cigarette-599485_1920Colorado voters are being asked to decide on a measure with important public health implications this election season. Amendment 72 proposes amending the Colorado Constitution to:

  • increase the state tax on a pack of cigarettes from $0.84 to $2.59;
  • increase the state tax on other tobacco products from 40 percent to 62 percent of the price; and
  • distribute the new tax money for medical research, tobacco-use prevention, doctors and clinics in rural or low-income areas, veterans’ services, and other health-related programs.

Studies show that increasing tobacco prices is one of the most effective ways to get current smokers to quit and to prevent new users, especially kids. When cigarette taxes were last increased in 2005, the number of cigarettes consumed per person in Colorado fell by 12.6 percent. Tobacco use is a leading cause of preventable diseases like cancer, and heart and lung disease, contributing to 5,100 deaths in Colorado per year.

Colorado’s current cigarette tax is well below the national average of $1.65 per pack. If Amendment 72 passes, Colorado would go from the 14th lowest per-pack tax in the nation ($0.84) to the 11th highest ($2.59).

This new tax would not include e-cigarette products.

Amendment will raise about $315 million a year by increasing the tax on cigarettes by $1.75 per pack and increasing the tax on other tobacco products like cigars and chewing tobacco by 22%. The funds would be dedicated as follows:

  • $92 million for Colorado-based research to prevent and improve treatments for cancer, heart and lung disease, Alzheimer’s disease, and youth mental health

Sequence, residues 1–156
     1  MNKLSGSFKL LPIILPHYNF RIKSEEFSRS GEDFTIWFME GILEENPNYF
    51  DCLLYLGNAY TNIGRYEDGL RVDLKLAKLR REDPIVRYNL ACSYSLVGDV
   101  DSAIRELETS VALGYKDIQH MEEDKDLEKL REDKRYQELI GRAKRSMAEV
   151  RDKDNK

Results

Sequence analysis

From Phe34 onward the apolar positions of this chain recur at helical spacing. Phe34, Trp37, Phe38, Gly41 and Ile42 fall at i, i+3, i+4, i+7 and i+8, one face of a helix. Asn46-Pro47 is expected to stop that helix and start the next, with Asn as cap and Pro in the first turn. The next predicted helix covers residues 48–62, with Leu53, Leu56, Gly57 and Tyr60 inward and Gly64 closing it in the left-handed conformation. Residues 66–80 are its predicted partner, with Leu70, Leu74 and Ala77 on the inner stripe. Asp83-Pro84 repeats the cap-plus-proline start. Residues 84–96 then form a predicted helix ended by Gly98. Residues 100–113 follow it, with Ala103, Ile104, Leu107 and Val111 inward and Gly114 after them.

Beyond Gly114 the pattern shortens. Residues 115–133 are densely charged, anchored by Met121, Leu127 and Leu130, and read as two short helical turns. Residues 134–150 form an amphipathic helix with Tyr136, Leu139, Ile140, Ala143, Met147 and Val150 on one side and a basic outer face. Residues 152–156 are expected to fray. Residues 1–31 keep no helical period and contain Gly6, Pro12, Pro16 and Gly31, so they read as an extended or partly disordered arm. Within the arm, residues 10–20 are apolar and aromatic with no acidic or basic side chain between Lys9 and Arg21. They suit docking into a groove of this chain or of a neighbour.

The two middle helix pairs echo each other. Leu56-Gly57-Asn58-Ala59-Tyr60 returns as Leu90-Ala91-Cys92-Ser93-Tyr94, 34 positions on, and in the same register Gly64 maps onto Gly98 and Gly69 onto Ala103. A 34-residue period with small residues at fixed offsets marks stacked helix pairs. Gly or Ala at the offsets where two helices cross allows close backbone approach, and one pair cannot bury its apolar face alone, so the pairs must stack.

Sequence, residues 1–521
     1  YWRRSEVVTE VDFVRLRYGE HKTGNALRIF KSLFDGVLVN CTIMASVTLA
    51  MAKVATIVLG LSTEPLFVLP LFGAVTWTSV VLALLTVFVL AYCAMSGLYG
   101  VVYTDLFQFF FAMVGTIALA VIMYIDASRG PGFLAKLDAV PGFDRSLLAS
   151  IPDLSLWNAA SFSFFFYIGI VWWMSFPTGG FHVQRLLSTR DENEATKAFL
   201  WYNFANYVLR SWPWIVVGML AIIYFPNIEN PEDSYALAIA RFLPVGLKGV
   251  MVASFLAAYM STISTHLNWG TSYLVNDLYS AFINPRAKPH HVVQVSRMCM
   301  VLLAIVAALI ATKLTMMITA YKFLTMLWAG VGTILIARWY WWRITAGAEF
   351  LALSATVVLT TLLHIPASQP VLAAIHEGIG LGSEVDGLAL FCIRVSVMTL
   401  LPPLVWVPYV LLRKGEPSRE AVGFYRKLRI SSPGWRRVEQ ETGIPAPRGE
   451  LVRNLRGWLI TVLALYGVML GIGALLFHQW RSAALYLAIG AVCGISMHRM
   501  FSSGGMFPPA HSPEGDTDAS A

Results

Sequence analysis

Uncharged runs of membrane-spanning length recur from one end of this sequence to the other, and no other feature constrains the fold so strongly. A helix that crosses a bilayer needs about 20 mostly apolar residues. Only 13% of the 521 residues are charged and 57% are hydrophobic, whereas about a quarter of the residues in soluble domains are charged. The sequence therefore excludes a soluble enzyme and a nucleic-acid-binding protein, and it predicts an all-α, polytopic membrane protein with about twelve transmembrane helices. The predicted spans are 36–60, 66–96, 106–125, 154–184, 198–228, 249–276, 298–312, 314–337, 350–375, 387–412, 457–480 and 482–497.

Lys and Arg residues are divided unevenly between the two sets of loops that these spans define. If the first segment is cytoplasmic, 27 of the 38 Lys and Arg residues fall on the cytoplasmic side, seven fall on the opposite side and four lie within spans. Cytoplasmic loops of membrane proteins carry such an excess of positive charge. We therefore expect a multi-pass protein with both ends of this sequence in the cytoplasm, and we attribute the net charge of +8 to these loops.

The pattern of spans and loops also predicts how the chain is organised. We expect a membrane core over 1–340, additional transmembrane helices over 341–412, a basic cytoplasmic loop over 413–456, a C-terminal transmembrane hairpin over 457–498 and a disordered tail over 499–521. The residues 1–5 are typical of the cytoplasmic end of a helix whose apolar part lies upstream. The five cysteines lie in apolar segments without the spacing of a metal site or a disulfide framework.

• $48 million for medical and mental health care for 500,000 Colorado veterans
  • $34 million to increase access to health care in rural and underserved areas
  • $34 million to expand access to youth behavioral health services
  • $54 million to meet the recommended funding levels by the Centers for Disease Control and Prevention for tobacco education, prevention, and cessation programs for Colorado’s youth and adults
  • $17 million to provide training and repay student debt for medical professionals in rural and underserved areas
  • $36 million to current tobacco tax-funded programs, compensating for expected reductions in tax revenue due to lower tobacco use in the future

Amendment 72’s proponents include a wide array of health organizations, including the American Cancer Society, American Lung Association, American Heart Association and Colorado Medical Society. The opposition to Amendment 72 is being headed by a committee calling itself No Blank Checks in the Constitution, funded by tobacco companies. This group argues that Amendment 72 would unnecessarily lock $315 million into constitutional spending with little-to-no accountability or oversight.

In addition, the tax increase will have a disproportionate impact on low income individuals.  About 30 percent of Colorado adults making less than $15,000 are smokers. However, the tax revenues support Health First Colorado (Colorado’s Medicaid program), which is required by the Affordable Care Act to provide smoking cessation services to its members.

Colorado Health Institute
Colorado Blue Book